10 minutes reading time (2070 words)

Making music come alive

In my early years of teaching I clearly remember commenting about my students' playing to my husband, "All the notes and rhythms are correct, but they don't sound that good. I'm not sure how to help them make the music 'come alive'." I certainly have many more ideas and solutions than I did as a beginning teacher, and have learned a great deal from other teachers through the years, including my favorite clinician Marvin Blickenstaff. After hearing him present at a conference last fall, my younger students now all have a list of "rules that all famous musicians know" in their notebooks. One nine-year-old student was having an especially good lesson a few weeks after the list was created. I asked him if he had done anything different in his practice. He replied that he had really thought about his "musicians' rules" that week, and it really helped him practice better! 

Marvin has codified and simplified complex concepts of musical style and interpretation in a way that even very young students can easily understand and immediately apply. I am grateful to him for his thoughtful, and brilliant, analysis of musical interpretation.

Performance practice made easy: Rules of thumb for the piano student

by Marvin Blickenstaff

Snowflakes and musical compositions have one thing in common: there are no duplicates. Composers find creative ways to differ their musical offerings, and the result is an infinite variety of expressions of the musical message. It is staggering to consider that, out of hundreds of compositions, no two minuets or sonatinas are exactly alike. This fact keeps us on the edge of our chairs (or piano benches) as we examine the varieties of ways composers craft their materials. 

If there were no norms for musical styles, interpretation would be a dauntingly difficult task. Yes, each piece is unique, but there are common denominators we label for stylistic interpretation. Markings such as the curved line, a staccato, an accent, have a generally accepted meaning and represent stylistic norms. 

My students find it helpful to understand that norms are consistent from piece to piece and from composer to composer. I often refer to these as "Rules of thumb." Each rule may have exceptions—aren't rules made to be broken?—but our focus on the general application of these principles has proven very helpful. 

My students have a "Rules of thumb" sheet in their lesson notebooks. When a new principle of interpretation is discovered, they add it to their sheet. This gives ownership over their interpretation and provides guidelines for their practicing. Here are some of these Rules of thumb.

Rules for the curved line

1. The curved line. . . 
a. indicates a legato articulation; 
b. implies a "lift" or breath at the end.

When we sing, it is natural to take a breath at the end of a phrase. Students frequently overlook this, and carelessly connect one phrase to the next. Composers write their articulation indications carefully. Separating phrases, or taking a musical breath, is an important aspect of interpretation (see Excerpt 1).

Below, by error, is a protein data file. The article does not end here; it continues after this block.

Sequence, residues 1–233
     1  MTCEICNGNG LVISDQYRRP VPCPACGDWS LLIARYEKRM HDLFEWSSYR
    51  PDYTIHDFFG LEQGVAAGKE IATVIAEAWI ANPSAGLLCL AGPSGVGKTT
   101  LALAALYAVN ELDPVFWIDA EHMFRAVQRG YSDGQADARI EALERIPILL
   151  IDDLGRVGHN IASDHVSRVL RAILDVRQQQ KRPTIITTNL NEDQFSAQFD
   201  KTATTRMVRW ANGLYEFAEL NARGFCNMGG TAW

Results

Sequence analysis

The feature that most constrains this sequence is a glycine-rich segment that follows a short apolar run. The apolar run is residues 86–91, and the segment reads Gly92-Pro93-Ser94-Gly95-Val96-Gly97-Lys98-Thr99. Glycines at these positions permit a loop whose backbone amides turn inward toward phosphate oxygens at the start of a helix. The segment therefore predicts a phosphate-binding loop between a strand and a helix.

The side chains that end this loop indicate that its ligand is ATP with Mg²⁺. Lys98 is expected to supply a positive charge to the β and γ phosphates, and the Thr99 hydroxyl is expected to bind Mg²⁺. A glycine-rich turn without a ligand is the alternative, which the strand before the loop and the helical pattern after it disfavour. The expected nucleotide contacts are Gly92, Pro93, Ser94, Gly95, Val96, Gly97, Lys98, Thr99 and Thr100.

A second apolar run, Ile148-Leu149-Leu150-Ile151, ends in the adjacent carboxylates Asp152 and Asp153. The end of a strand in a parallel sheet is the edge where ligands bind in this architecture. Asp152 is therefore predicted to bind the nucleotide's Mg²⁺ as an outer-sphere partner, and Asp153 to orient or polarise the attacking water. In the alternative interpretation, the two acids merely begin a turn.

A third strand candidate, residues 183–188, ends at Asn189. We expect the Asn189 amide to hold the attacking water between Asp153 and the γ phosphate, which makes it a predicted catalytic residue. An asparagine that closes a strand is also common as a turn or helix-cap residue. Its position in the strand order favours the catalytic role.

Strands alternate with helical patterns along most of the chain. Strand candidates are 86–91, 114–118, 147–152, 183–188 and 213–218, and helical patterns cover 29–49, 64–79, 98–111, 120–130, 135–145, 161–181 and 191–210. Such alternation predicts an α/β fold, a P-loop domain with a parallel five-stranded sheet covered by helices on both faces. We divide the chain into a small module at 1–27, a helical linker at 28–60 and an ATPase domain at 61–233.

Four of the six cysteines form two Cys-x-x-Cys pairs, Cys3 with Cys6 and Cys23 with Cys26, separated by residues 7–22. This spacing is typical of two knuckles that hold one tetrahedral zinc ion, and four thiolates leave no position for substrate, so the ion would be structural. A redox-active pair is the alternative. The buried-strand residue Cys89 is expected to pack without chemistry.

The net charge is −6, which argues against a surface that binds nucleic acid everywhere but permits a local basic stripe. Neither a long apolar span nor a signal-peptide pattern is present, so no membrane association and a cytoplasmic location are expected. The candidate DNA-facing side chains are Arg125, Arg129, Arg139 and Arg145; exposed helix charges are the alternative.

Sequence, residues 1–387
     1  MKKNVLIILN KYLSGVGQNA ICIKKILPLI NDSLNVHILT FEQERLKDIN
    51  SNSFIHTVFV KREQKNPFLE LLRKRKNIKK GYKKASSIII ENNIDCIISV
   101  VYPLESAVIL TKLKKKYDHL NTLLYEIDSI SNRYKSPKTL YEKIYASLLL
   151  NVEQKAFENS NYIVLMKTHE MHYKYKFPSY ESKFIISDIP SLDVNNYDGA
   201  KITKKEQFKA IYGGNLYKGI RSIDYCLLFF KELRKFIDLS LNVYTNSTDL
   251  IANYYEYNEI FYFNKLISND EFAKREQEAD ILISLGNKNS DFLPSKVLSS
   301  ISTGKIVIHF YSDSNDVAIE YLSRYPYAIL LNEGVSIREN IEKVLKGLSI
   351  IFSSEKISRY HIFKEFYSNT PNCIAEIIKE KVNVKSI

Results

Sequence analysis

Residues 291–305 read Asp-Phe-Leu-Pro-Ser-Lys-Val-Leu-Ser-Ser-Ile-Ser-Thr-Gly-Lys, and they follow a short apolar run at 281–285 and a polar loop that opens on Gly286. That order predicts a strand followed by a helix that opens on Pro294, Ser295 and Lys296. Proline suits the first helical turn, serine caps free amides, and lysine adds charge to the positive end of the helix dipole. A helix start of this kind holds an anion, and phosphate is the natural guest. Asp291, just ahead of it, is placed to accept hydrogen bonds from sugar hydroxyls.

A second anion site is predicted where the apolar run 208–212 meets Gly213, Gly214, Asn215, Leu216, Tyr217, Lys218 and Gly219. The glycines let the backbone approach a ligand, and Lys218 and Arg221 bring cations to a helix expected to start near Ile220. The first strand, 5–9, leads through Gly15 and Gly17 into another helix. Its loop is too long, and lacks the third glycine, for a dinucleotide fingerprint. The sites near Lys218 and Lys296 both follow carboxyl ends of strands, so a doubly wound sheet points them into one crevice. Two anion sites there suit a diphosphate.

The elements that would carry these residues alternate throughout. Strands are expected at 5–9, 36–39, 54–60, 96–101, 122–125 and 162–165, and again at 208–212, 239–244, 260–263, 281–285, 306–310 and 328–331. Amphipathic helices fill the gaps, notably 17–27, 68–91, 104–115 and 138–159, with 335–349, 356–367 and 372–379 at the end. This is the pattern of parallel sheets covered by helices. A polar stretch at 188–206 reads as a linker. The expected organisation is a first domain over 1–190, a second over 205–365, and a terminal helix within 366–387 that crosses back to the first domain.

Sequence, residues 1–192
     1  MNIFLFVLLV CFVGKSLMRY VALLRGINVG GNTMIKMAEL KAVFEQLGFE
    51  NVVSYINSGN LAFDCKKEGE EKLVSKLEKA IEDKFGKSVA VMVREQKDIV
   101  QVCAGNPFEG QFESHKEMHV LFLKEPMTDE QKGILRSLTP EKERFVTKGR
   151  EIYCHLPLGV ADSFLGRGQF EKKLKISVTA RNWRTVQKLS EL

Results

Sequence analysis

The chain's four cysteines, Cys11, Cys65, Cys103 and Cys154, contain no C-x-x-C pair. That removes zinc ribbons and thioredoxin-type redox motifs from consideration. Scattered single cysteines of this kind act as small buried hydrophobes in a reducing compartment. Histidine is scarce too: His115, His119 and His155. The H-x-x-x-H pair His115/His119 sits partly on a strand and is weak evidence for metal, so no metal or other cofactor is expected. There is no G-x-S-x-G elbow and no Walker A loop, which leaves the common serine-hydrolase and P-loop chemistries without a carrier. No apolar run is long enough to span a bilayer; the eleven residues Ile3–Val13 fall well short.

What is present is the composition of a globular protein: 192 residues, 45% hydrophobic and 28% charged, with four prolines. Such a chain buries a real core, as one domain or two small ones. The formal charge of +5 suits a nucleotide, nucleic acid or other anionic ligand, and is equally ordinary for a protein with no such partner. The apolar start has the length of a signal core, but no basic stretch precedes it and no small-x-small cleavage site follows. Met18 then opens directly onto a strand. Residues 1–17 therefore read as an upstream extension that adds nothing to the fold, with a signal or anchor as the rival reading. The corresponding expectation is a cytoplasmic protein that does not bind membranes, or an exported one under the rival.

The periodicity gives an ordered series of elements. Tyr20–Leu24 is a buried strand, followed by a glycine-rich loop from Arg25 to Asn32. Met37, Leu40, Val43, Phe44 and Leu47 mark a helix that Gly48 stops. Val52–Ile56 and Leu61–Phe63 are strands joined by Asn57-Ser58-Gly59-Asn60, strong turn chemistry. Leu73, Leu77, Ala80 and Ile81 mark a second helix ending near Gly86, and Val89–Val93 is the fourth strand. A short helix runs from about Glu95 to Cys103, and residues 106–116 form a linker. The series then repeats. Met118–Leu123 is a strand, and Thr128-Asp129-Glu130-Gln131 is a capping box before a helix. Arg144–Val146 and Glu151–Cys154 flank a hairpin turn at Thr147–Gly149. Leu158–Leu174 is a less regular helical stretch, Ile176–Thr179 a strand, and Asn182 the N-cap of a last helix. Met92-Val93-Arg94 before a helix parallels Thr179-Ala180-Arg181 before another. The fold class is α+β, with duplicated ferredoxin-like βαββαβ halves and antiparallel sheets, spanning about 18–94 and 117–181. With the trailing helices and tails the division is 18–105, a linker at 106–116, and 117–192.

Excerpt 1: “Little Melody” from Album for the Young, Op. 68, by Robert Schumann, mm. 1-8.

The degree of separation of the phrases varies with the context, and can be thought of in terms of a "Catch Breath" (CB), "Normal Breath" (NB), or "Big Breath" (BB). After discovering the appropriate length of the "lift," it is written on the score—CB, NB, or BB (see Excerpt 2).

Excerpt 2: Nocturne in B-Flat Minor, Op. 9, No. 1, by Frédéric Chopin, mm. 1-5.

2. The curved line has dynamic implications. 

a. The last note of a phrase is the quietest. 

This rule is exceedingly helpful with elementary students, especially when playing lyrical melodies. When students observe this rule, the phrase takes on a natural shape and ends sensitively (see Excerpt 3).

Excerpt 3: “Melody” by Anton Diabelli, mm. 1-8.

b. Out of four, go for three. 

Many phrases are four measures in length. The natural shape of most of those phrases focuses in the third measure. My students use the phrase "Out of four, go for three." (See Excerpts 4 and 5.)

Excerpt 4: Sonatina in C Major, Op. 36, No. 1, Mvt. 2, by Muzio Clementi, mm. 1-4.
Excerpt 5: “The Doll’s Burial” from Album for the Young, Op. 39, No. 8, by Peter I.Tchaikovsky, mm. 1-8.

A series of four chords can also profit from this "out of four, go for three" dynamic plan (see Excerpt 6).

Excerpt 6: Nocturne in G Minor, Op. 37, No. 1, by Frédéric Chopin, mm. 41-44.

c. A two-measure phrase focuses on the downbeat of the second measure (see Excerpt 7).

Excerpt 7: “A Pleasant Morning” from 12 Melodious Pieces, Book 1, Op. 63, No. 1, by J. L. Streabbog, mm. 1-8.

In Excerpt 7, the first four measures are grouped in two-measure phrases with the focus on the downbeat of each second measure. Mm. 5-8 create a four-measure phrase with the focus on the third measure ("Out of four, go for three.") 

A notable exception to this rule occurs when the downbeat of the second measure is the final note of the phrase. As the final note of the phrase, it is played more quietly (see Excerpt 8).

Excerpt 8: “The Orphan” from 12 Melodious Pieces, Book 2, Op. 64, No. 4, by J. L. Streabbog, mm. 1-4.

d. A two-note phrase is always shaped: louder to quieter (see Excerpt 9).

Excerpt 9: Minuet in C Major, K. 6, by Wolfgang Amadeus Mozart, mm. 1-4.

Composers often create variety and humor by slurring over a bar line, making the upbeat louder than the downbeat (see Excerpts 10 and 11).

Excerpt 10: “Will-o-the-Wisp” from Album for the Young, Op. 140, No. 15, by Cornelius Gurlitt, mm. 1-8.
Excerpt 11: Sonata in G Major, K. 283, Mvt. 1, by Wolfgang Amadeus Mozart, mm. 1-4.

Rules for rhythm

Question: Why do composers not write their music using only quarter notes? 

Answer: Shorter values move the music forward to its goal on a longer value. 

1. Shorts go to longs

The focus of a phrase is often easily located by finding the longest value. The shorter values move towards this goal (crescendo). (See Excerpt 12.)